There remains one major obstacle on South Africans’ journey to become a normalised, integrated society: we still live in separate neighbourhoods.
We all get along quite well on a person-to-person level in the offices, factory floors and sports stadia. But persisting residential segregation is impeding different racial groups from getting to know one another on a normal human level. The ‘us’ and ‘them’ will persist as long as most of live so far apart, as will the resentments, fears and suspicions.
Of course it is a hangover from our apartheid past, but it would have helped if our town and city planners didn’t simply continue in the apartheid paradigm after 1994. We were supposed to overcome apartheid, not just shrug our shoulders and mutter about class inevitabilities and superficial cultural or ‘birds of a feather’ arguments.
Most black South Africans still live on the outer perimeters of our big metros. Most settlements that came into being because of rapid – but badly managed – urbanisation during the last two decades were established many kilometres outside the city limits.
In most of the towns outside the metros we still have the rigid separation of the ‘white’ town with the ‘location’ on the other side of the railway track or the national road.
We will have to do something drastic about this state of affairs if we’re serious about overcoming the racial schisms and resentments. Some would call it nation building.
If we don’t, we will produce more generations of young black people who live their entire lives in townships and ghettoes far away from the main centres of economic activity and from where most white people live.
Living so far apart is one thing. Having to travel for hours to and from work every day is quite another. This is unfair and bad for productivity.
We will have to start doing things very differently.
I do not underestimate the difficulties and problems any kind of social engineering will bring to the property market and the attitudes of property owners. As a middle class person with my biggest investment being my residential home, I’m as concerned about my neighbourhood as anyone else.
But there are ways of normalising the way we live in this society without creating fears and stirring up emotions.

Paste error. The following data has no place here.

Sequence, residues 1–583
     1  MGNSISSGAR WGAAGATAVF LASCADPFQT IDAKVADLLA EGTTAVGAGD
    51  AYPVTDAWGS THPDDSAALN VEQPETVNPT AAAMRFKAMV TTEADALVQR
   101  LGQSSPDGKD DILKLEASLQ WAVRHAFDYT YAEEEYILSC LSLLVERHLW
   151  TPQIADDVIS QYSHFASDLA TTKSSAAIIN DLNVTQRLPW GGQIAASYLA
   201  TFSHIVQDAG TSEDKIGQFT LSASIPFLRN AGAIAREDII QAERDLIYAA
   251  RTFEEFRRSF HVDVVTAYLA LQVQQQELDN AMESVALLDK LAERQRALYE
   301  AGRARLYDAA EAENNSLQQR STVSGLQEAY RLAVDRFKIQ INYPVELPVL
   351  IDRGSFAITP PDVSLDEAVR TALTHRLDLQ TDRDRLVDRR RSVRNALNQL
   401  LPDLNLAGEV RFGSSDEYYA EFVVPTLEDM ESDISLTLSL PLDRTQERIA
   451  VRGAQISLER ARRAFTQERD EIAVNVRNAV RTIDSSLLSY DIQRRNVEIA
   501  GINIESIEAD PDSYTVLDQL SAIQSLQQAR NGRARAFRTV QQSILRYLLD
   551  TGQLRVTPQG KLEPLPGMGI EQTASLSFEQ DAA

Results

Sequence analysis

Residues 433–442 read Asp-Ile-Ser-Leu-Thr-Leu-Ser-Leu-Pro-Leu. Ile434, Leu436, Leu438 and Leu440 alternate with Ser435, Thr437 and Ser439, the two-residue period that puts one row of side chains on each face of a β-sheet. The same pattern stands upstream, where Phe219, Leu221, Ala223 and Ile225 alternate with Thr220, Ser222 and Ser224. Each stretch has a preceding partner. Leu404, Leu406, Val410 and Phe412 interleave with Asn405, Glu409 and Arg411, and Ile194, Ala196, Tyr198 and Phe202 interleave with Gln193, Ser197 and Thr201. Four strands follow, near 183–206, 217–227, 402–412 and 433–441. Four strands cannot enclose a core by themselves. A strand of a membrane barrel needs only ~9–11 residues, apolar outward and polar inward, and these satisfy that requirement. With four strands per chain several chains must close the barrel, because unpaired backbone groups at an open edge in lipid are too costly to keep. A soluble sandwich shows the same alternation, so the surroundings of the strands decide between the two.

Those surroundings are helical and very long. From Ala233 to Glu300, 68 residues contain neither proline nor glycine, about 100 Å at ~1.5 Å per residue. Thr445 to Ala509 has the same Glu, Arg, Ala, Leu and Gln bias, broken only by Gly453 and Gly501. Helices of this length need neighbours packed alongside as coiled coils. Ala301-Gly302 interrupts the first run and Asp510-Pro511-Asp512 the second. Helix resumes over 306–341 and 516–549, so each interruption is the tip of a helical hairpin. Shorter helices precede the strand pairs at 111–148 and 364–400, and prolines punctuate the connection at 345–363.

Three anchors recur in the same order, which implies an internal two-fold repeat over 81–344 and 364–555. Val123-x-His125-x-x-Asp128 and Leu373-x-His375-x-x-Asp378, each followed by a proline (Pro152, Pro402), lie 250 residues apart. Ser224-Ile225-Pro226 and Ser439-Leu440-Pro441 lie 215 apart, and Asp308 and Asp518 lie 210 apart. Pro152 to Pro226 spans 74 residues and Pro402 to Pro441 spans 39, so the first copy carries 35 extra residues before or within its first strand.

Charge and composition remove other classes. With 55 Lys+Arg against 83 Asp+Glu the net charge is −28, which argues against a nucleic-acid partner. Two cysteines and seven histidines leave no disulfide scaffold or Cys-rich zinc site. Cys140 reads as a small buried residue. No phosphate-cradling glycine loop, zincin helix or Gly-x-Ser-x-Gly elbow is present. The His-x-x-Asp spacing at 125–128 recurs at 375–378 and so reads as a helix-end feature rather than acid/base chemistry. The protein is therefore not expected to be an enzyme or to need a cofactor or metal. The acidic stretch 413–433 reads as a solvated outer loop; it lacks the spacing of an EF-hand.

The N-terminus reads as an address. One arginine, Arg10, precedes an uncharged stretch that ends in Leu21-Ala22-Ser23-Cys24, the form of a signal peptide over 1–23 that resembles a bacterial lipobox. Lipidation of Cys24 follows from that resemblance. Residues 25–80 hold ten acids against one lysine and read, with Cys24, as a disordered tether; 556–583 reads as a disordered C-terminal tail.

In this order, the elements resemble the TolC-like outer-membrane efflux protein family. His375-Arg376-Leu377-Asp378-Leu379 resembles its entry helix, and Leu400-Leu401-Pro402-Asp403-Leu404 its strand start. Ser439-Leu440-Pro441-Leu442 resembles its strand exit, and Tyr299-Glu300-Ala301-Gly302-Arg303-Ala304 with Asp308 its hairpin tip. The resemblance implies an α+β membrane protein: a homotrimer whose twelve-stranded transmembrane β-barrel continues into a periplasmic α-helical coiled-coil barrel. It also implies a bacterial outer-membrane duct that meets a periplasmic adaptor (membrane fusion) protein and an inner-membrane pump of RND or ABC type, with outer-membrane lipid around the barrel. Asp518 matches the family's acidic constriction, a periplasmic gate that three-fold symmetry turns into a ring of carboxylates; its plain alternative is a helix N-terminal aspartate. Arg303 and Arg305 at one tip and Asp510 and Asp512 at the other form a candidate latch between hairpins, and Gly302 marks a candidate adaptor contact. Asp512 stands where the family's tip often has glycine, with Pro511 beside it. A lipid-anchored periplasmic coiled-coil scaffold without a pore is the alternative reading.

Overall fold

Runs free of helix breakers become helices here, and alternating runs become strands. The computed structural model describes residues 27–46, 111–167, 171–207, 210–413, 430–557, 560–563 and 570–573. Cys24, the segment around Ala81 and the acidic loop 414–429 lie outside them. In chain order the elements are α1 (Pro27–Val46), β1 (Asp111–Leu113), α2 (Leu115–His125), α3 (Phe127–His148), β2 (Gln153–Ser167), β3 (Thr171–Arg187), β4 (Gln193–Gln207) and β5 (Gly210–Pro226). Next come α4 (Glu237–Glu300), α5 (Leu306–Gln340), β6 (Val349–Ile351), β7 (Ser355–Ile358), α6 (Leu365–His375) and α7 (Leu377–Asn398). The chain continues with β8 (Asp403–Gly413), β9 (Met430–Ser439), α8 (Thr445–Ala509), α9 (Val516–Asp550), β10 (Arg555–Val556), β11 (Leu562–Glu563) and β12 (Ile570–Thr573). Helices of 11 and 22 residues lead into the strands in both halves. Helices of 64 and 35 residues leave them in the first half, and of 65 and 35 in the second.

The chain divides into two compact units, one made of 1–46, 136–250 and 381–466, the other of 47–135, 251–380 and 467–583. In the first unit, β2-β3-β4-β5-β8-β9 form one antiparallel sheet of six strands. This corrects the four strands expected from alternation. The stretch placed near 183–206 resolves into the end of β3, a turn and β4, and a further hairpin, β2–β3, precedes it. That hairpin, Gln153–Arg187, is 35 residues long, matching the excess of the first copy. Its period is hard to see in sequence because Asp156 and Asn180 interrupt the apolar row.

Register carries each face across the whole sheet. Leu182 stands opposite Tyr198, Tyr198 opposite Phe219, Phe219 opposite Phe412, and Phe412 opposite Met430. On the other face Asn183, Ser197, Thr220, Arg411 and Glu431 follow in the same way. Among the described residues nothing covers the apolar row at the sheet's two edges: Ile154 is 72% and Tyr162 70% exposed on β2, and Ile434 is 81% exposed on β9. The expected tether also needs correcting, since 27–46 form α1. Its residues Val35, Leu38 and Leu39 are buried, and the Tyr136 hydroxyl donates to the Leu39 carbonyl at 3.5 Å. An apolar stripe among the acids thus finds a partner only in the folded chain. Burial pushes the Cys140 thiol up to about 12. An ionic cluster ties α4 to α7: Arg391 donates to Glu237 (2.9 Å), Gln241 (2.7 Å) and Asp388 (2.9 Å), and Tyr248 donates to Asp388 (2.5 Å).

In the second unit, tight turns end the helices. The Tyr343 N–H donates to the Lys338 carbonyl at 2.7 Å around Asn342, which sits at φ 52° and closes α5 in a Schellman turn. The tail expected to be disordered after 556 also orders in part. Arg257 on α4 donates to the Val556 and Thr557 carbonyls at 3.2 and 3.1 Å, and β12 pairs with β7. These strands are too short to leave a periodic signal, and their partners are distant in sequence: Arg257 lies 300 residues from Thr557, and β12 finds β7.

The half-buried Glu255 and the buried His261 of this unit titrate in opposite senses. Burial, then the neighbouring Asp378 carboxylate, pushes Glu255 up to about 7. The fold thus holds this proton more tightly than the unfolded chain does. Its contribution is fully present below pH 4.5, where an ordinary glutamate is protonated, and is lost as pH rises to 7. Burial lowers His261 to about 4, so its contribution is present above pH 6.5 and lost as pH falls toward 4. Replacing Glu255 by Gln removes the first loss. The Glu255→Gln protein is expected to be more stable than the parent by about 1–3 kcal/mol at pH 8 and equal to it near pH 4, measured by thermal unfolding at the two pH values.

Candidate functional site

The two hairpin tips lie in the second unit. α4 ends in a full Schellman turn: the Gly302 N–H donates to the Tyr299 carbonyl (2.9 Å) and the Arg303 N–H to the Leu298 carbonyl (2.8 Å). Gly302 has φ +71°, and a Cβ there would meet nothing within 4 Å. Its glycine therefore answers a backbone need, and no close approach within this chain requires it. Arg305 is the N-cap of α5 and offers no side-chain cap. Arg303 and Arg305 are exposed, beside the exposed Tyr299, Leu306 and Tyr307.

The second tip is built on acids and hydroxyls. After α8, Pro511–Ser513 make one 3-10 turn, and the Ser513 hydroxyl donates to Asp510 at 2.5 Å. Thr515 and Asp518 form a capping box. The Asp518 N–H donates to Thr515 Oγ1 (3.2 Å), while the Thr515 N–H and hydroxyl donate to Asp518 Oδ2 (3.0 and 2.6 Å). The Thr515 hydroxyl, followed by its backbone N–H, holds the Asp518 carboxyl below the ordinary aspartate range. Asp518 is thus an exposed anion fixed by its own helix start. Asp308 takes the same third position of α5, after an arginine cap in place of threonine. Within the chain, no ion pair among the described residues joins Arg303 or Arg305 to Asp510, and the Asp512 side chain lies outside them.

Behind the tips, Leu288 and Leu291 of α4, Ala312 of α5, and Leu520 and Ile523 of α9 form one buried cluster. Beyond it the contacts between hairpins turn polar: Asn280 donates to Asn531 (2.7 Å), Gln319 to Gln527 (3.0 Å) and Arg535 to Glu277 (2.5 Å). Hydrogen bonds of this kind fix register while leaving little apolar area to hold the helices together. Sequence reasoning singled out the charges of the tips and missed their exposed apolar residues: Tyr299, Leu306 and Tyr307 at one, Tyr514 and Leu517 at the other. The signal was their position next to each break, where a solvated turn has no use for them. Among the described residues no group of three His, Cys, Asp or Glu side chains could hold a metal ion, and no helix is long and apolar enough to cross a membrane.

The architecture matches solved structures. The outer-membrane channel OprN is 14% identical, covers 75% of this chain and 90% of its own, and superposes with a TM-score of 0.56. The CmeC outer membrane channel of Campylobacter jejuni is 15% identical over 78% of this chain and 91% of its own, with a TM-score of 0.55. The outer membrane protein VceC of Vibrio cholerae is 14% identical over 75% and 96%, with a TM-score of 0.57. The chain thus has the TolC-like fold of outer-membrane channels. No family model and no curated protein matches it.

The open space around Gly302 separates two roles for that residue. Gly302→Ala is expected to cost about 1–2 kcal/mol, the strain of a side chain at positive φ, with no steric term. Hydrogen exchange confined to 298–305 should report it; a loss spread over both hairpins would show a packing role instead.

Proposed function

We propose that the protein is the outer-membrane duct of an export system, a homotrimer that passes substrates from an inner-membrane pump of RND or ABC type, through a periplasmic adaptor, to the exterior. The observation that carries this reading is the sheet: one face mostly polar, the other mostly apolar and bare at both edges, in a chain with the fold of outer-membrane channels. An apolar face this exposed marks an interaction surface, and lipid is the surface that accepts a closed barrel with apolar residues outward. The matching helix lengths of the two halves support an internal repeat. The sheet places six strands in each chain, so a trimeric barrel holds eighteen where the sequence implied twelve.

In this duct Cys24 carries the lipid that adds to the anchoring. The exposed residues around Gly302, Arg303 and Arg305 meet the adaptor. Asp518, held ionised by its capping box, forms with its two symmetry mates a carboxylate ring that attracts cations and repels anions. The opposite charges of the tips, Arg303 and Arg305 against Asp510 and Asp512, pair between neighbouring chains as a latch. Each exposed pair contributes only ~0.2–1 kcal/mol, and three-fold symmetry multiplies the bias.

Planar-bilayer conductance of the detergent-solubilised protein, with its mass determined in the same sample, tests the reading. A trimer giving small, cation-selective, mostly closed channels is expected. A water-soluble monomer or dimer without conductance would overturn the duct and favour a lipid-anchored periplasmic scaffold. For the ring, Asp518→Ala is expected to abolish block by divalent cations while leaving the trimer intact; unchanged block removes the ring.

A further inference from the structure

It was reported last year that the state might sell the 2.5 square kilometers of real estate now occupied by the dilapidated Pollsmoor Prison in Cape Town. This is fairly close to the city centre and the M3 highway – a good place to start.
Instead of developing more exclusive upper class or middle class suburbs, the City of Cape Town should get involved and develop the land into a good mix of upper income, middle income and lower income housing. Several thousand black and coloured working and middle class families could live here side by side with white people.
There are other huge tracts of urban land in Cape Town where this project can be extended to, for example: the land between the blossoming economic hub of Century City and the suburbs of Rugby and Brooklyn, the Oude Molen land on the edge of Pinelands and Culemborg, now owned by the Department of Transport. In fact, these three pieces of land border each other, so we’re talking about an area where tens of thousands of families can find a new home close to the city centre.
Other metros have similar possibilities, like the land around the old Durban Airport and the land owned by the SANDF close to the Durban city centre, and the huge vacant area between Waterkloof Air Base and Monument Park in Pretoria. Smaller cities like Polokwane, Potchefstroom, Bloemfontein and Mbombela all have larger and smaller patches of land that can be used for this purpose.
A land audit of state-owned land in our cities and towns could help a lot to identify more possibilities.
If this kind of project is ever launched and not well managed, it could be a disaster in terms of property prices and unnecessary resentment and friction. But it is no excuse to simply continue in the old apartheid way.
With appropriate consultation with communities, the involvement of commercial banks and property developers and proper planning – and political will – we can really re-imagine our urban spaces and the way we live. There are ample examples elsewhere in the world where different communities and income groups live together in harmony.
This will not only make social and economic sense, it will help us change the way we relate and interact with each other.
I believe it is time for bold and innovative steps to deal with the polarisation of our society and to move towards a more normalised way of living together.